Guitar Solos: How to Record a Great OneMonday, August 16th, 2010
Sometimes an awesome guitar solo can add a new level of energy and fun to a song. In some cases, particularly in songs from guitar-focused bands like The Black Crowes and Van Halen, the guitar solo can be the defining moment of a song. On the opposite end of the spectrum, a bad solo can really bring a song down with it. Imagine that just when you are really getting into a song, suddenly a lame solo completely takes you out of it–and once you’re gone, the song may never recover.
It’s important, then, to be sure you’re laying down a sweet solo whenever you record your song–a solo that will enhance it and not hinder it. Here are some tips for recording the ultimate guitar solo!
To improvise or not to improvise?
Even before you go to record your guitar solo, you have some decisions to make. Do you want to sit down and write a solo beforehand or are you planning on improvising one on the spot? Unless you’re a seasoned improviser and you’re playing music that typically involves heavy ad-libbing (like jam band music or jazz), I would recommend at least outlining a sketch of your solo beforehand. You don’t have to plan it lick-for-lick, but it’s a good idea to come up with some basic guidelines: how long you’ll play in one position before shifting up an octave, what bar you want to play a cool arpeggio over, where you’re going to fit in that really catchy lick you came up with, etc.
When I was recording the solo to a song that had a particularly complicated chord progression, I knew I needed to work out what I would play ahead of time, because I probably wouldn’t improvise anything memorable on the spot. I was really glad that I did–the solo that I ended up writing was much more thoughtful and interesting than what I would have made up, and it became a signature musical moment for my band.
Playing with feel
What makes one solo good and another one great? Usually it’s the feel that the guitarist plays with. Have you ever heard a friend play a famous guitar solo that just didn’t sound right, even if he seemed to have all the notes right? That’s an issue of feel. All you have to do is look up guitarists playing well-known solos on YouTube–while some of them really nail it, a lot of them have most of the right notes but just fall short because the feel isn’t there.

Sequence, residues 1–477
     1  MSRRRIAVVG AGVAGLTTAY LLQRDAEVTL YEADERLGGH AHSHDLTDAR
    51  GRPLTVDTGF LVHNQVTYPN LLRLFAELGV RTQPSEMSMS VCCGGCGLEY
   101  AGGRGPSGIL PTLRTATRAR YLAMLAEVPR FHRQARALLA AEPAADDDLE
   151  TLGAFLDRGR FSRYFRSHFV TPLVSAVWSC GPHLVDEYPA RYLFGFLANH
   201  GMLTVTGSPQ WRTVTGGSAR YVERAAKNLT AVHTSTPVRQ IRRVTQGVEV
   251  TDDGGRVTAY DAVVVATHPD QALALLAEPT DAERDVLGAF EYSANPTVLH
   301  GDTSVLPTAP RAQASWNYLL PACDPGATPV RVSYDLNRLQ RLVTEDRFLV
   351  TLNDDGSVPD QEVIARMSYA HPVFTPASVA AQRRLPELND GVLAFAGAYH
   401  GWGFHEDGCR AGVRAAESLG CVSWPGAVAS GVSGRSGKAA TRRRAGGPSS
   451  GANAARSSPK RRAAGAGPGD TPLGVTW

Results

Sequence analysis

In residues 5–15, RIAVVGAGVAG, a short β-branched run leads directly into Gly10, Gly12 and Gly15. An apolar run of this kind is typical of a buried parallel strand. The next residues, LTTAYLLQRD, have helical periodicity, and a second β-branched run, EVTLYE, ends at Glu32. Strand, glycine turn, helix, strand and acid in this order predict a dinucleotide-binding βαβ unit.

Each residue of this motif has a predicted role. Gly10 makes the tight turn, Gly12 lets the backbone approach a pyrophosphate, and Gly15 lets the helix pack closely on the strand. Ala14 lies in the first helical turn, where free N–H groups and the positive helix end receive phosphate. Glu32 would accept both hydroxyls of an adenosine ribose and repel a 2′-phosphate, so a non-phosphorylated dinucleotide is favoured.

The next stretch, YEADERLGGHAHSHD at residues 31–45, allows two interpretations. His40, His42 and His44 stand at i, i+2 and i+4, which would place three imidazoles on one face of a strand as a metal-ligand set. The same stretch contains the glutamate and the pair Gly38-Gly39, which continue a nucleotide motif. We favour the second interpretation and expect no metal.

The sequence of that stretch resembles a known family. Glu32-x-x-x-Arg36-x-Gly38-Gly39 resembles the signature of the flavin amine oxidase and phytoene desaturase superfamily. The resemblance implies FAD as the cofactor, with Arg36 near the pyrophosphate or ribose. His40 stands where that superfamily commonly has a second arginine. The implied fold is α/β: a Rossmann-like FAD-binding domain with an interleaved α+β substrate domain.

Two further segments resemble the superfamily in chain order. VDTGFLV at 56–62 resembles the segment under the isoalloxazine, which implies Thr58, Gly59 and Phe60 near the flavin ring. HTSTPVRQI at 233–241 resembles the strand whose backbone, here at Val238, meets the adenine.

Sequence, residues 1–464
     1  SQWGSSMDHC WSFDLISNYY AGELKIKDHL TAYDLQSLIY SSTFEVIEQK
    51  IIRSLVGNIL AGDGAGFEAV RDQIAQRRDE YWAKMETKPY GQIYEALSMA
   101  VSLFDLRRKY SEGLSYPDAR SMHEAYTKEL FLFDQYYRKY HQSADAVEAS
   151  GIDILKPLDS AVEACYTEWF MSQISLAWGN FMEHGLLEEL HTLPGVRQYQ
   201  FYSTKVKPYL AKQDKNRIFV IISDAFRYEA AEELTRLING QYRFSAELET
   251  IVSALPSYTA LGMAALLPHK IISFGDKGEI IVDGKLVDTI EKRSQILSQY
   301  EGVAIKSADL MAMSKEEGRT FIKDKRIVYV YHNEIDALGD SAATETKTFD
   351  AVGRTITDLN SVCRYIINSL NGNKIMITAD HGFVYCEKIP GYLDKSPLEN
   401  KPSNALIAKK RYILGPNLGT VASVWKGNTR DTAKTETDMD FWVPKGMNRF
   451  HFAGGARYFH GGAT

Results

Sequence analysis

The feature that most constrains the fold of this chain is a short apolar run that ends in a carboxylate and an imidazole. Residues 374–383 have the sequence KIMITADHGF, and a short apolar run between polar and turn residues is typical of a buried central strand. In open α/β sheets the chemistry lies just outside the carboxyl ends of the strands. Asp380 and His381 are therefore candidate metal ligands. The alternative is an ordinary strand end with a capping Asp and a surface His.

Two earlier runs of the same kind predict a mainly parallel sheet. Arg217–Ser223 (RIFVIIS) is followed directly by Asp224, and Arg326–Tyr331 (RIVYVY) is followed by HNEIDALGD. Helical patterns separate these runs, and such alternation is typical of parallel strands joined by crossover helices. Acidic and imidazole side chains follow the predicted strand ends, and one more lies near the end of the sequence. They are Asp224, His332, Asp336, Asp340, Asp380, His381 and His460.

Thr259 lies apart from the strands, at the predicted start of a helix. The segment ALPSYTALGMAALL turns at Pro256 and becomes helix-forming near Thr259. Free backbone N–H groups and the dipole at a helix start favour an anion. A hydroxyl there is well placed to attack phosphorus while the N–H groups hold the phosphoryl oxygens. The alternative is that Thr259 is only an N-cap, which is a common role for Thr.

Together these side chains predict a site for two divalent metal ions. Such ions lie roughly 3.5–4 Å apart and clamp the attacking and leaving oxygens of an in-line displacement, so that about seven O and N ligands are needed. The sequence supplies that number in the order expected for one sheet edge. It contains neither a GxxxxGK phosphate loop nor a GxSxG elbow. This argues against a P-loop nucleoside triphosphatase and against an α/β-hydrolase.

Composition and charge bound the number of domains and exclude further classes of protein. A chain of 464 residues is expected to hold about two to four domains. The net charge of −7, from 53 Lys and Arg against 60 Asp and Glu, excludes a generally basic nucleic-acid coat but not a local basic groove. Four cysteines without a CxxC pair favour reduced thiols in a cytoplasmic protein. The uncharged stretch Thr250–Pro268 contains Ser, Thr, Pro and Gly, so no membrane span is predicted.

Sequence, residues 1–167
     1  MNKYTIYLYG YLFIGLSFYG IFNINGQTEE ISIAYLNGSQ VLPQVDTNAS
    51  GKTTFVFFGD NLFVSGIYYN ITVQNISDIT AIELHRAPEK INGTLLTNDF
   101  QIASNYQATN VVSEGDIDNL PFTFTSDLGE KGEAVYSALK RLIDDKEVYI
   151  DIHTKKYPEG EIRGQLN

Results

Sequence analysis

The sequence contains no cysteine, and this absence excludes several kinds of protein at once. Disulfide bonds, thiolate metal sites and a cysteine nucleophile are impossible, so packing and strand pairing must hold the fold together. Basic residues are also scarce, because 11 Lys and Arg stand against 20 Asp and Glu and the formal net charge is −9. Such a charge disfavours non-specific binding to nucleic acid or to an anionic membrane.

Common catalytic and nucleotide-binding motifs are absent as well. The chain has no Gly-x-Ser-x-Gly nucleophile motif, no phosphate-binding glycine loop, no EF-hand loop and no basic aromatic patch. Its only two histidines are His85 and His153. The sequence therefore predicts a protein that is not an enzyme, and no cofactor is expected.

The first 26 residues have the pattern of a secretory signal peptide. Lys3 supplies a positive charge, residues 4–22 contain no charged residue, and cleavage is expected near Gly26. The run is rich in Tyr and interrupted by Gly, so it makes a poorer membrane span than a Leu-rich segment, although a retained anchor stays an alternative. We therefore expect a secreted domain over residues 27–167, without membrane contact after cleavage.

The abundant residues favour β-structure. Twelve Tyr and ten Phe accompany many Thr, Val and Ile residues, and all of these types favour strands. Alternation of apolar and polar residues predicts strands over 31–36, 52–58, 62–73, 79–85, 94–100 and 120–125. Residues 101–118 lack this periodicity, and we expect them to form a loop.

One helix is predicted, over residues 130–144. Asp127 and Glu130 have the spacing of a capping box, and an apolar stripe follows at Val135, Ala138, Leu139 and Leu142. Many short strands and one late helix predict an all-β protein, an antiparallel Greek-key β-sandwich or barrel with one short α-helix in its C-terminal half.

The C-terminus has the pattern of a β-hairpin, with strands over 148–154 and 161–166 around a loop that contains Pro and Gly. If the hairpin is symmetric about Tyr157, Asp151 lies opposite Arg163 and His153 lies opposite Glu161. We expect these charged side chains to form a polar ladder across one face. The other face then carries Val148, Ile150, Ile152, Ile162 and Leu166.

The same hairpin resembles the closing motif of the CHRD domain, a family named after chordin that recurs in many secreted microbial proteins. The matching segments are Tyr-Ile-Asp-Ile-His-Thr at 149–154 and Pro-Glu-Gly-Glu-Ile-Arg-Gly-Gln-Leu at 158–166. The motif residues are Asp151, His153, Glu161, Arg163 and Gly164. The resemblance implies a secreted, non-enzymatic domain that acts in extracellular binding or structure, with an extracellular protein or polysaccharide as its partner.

This is why feel is so important. Playing in time is part of the feel, too. It’s easy to rush a guitar solo, but it really takes away from the overall feel of it, so practice to a metronome first. Make sure when you’re recording that you’re feeling comfortable in the studio, your fingers are nice and warmed up, and you feel “in the zone.” Naturally, you’ll get a good result if you can really “feel” the solo as you play it.
Looping and editing
No guitarist is perfect, and while some might be able to nail a solo their first time around, most of us will probably have to take a few stabs at it before we get a result we’re really proud of. When you record your solo, have the engineer loop the section that you’re soloing over (or set your DAW software to loop it if you’re recording yourself). This way, you can get several takes in a row without interrupting your flow and getting out of the zone.
If you don’t have one single take that you love all the way through, there is no shame in editing between takes–not only is it a common practice now, the technique has been around for decades. Did you know that David Gilmour’s solo on “Comfortably Numb,” one of the most famous guitar solos of all time, was pieced together from several takes?
Hiring a session player
Sometimes you just can’t lay down a solo that you love. That’s OK, but it doesn’t mean you have to settle for anything less than perfection. Instead of being frustrated, your best option is to simply hire someone else to play a solo for you. Studio Pros provides world-class session guitarists that can lay down an amazing solo for your song at a fraction of the price you’d normally pay to hire a studio player. Call today to record something great!